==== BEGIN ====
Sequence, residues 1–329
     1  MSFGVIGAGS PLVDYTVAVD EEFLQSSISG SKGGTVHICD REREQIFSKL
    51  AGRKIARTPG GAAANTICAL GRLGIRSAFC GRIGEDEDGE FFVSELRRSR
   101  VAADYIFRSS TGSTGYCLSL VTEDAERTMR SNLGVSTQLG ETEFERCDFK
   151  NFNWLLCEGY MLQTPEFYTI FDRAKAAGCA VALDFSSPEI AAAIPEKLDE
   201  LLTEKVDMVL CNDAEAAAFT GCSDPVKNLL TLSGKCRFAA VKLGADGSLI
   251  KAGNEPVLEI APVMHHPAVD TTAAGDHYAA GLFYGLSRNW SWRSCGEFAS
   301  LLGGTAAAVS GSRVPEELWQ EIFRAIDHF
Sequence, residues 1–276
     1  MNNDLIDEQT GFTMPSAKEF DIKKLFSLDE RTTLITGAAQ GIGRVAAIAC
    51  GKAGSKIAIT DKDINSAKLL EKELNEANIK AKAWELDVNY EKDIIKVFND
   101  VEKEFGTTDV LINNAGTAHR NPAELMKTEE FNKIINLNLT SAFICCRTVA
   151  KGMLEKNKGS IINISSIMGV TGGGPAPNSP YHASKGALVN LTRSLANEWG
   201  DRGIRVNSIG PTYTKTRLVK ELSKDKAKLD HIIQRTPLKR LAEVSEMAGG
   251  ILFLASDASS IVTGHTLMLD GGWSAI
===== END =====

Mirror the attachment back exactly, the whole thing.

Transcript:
Sequence, residues 1–329
     1  MSFGVIGAGS PLVDYTVAVD EEFLQSSISG SKGGTVHICD REREQIFSKL
    51  AGRKIARTPG GAAANTICAL GRLGIRSAFC GRIGEDEDGE FFVSELRRSR
   101  VAADYIFRSS TGSTGYCLSL VTEDAERTMR SNLGVSTQLG ETEFERCDFK
   151  NFNWLLCEGY MLQTPEFYTI FDRAKAAGCA VALDFSSPEI AAAIPEKLDE
   201  LLTEKVDMVL CNDAEAAAFT GCSDPVKNLL TLSGKCRFAA VKLGADGSLI
   251  KAGNEPVLEI APVMHHPAVD TTAAGDHYAA GLFYGLSRNW SWRSCGEFAS
   301  LLGGTAAAVS GSRVPEELWQ EIFRAIDHF
Sequence, residues 1–276
     1  MNNDLIDEQT GFTMPSAKEF DIKKLFSLDE RTTLITGAAQ GIGRVAAIAC
    51  GKAGSKIAIT DKDINSAKLL EKELNEANIK AKAWELDVNY EKDIIKVFND
   101  VEKEFGTTDV LINNAGTAHR NPAELMKTEE FNKIINLNLT SAFICCRTVA
   151  KGMLEKNKGS IINISSIMGV TGGGPAPNSP YHASKGALVN LTRSLANEWG
   201  DRGIRVNSIG PTYTKTRLVK ELSKDKAKLD HIIQRTPLKR LAEVSEMAGG
   251  ILFLASDASS IVTGHTLMLD GGWSAI